Dominick LaJoy, my very own hubby, has been
self-employed for 21 years. He spent 18 years owning two businesses that partnered well as seasonal businesses here in Western Colorado. We owned a small cafe in our local airport which was busy during ski season, and the remaining 8 months of the year he ran our auto detailing business, Wow! Wash on Wheels. I asked him to share his experience as an auto detailer here with us.
Blue Collar Homeschool (BCH): How did you get started in auto detailing? Did you learn on the job?
Dominick: It was presented to me by a family member who had started detailing a couple of years before. It is definitely a learn on the job type of career. Also, later on I learned a lot from YouTube videos, and I also never hesitated to ask questions of other detailers, and I learned a lot from them. Eventually, after doing hundreds of details it does settle somewhat into a routine.
BCH: What kind of skills would someone need to get into this line of work?
Dominick: You have to be detail oriented and task driven. The proof is in the detail and how detailed you get. Someone brings you their vehicle, expecting it cleaned to their expectations, or better. You have to deliver, each and every time and that means taking the time to go through the steps required to complete the task. You also need to have some basic business skills such as accounting, scheduling and time management, purchasing, etc. To save money, being able to repair your own equipment is a must, so mechanical ability is helpful.
BCH: What did you enjoy most about your job?
Dominick: I got great satisfaction taking a vehicle from dirty and restoring it to like new, or as close as possible to new.
BCH: Is a lot of your work by rote, or do you have opportunity to be creative?
Dominick: There is always room for being creative! Not so much as in the sense of changing your routine and how you detail a vehicle, but the odd problem that comes up. Sometimes this could be a customer's time constraints and how long you can have to clean. Other times, (and most often) it was a strange odor that a customer had in a vehicle. Knowing how to locate the source and how to properly remove the cause, sometimes in a creative way, can make this part of reward.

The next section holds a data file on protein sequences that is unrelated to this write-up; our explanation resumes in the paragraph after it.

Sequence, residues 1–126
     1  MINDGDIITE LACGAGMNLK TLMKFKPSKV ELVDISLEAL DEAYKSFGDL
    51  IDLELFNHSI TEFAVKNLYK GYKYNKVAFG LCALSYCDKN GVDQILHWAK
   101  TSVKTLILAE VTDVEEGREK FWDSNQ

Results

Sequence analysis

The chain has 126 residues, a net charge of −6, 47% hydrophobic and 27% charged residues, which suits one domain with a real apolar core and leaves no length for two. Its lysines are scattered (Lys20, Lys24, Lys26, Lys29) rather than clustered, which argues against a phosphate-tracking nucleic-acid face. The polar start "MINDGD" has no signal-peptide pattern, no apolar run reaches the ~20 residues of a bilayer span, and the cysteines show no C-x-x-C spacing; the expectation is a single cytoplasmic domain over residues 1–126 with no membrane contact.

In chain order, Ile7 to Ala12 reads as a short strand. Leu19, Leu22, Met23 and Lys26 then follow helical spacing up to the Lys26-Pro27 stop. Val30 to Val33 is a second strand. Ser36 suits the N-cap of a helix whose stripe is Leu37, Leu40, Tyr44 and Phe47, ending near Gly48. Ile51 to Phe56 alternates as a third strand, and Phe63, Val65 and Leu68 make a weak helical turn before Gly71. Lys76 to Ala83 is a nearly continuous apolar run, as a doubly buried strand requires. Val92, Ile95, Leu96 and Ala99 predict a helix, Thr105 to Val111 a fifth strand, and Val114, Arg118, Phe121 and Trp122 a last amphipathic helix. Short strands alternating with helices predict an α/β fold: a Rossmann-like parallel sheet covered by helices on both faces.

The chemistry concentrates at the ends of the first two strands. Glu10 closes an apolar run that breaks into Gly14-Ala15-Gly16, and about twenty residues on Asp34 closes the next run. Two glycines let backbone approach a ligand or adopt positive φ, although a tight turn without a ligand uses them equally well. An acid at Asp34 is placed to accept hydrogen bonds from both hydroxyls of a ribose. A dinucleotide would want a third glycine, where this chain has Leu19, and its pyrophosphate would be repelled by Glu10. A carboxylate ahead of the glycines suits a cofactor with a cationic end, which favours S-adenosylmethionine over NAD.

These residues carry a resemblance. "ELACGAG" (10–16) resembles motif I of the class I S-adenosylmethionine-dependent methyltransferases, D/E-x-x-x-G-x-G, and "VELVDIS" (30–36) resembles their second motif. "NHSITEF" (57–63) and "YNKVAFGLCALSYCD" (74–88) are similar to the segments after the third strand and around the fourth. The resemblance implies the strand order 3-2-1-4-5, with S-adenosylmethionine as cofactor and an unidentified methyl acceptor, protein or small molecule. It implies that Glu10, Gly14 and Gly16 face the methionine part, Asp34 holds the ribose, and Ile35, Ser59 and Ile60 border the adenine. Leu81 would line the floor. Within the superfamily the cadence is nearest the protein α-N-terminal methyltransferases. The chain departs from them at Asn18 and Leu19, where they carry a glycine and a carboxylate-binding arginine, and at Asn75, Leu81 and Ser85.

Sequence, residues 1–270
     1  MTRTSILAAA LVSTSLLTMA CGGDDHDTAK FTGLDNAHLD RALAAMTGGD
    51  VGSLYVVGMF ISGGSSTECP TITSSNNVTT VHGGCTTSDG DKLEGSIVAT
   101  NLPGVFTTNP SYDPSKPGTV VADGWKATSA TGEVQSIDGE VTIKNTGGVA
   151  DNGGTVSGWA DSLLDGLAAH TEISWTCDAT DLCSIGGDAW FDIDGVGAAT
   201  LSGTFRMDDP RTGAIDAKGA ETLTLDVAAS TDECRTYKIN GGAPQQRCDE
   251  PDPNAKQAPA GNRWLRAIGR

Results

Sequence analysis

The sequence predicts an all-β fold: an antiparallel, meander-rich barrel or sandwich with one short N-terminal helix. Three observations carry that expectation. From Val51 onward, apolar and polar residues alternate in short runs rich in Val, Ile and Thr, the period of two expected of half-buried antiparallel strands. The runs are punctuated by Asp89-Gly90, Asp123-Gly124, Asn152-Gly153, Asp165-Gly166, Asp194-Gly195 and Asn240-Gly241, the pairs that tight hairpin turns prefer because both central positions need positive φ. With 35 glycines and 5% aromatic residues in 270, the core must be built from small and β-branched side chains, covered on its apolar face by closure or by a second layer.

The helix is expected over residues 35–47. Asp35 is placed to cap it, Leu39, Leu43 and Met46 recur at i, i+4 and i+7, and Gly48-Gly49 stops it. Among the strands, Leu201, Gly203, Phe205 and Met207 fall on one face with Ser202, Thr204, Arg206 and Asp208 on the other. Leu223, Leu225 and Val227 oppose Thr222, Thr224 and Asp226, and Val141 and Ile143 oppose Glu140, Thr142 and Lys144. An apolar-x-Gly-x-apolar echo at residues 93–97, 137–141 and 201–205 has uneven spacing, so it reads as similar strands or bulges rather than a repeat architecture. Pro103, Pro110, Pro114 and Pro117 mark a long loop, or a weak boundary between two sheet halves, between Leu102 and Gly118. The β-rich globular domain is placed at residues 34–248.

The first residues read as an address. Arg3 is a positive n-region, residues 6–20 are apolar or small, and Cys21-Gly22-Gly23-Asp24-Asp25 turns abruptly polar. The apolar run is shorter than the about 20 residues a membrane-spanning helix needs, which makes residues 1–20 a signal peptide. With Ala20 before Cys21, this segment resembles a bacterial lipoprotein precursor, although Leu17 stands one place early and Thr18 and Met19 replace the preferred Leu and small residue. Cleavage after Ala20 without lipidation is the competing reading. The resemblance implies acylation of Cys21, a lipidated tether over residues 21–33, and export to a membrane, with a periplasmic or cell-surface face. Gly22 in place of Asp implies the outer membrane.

BCH: Did you always have an interest in the automotive world?
Dominick: I enjoyed the mechanics of a vehicle, and a great paint job. After high school I attended Universal Technical Institute for auto mechanics. After graduating, and with some time working for a dealership, I discovered it really wasn't for me. Auto detailing was a good alternative.
BCH: What did you think you wanted to do in high school?
Dominick: I always knew that I wanted to own my own business someday. I thought it would be a mechanic's shop. Now I have owned a restaurant, an auto detailing business, and I currently own a liquor store.
BCH: What was a typical day like at work for you?
Dominick: I started early. Quite a few of my customer's were farmers, or other self employed people like myself, and they appreciated that I was open early, so they could start their day of work, too. I always did laundry and lots of it! I purchased a washer and dryer so I could do my own towels. Most of the time it was washing the same load of towels 3 or 4 times to make sure they were clean. Answering phone calls, returning phone calls from customer's, ordering chemicals and supplies was also part of my day. Of course, it also came down to doing the actual work. Using a power washer takes up a fair portion of the day so you can't be afraid to get wet. Picking up and dropping off vehicles or customers comes into play here also. You MUST have a good driving record and the ability to drive every type of vehicle from an old VW to a semi truck. You never know what could be next that someone may want you to clean! Equipment repairs eventually come in to play, not always on a daily basis, but you have to know how your equipment works and how to make the necessary repairs. Shop cleaning, while it should be on a daily basis is one of those things that gets left out of the daily routine, but this will catch up to you, and it will just take you longer to complete the task. Mixing chemicals for the job/day/week. This sounds easier than it is. You have to know proper dilution rates for the chemicals that you will work with. Reading and understanding product/chemical labels, how and where to use the chemical and the proper protection is also necessary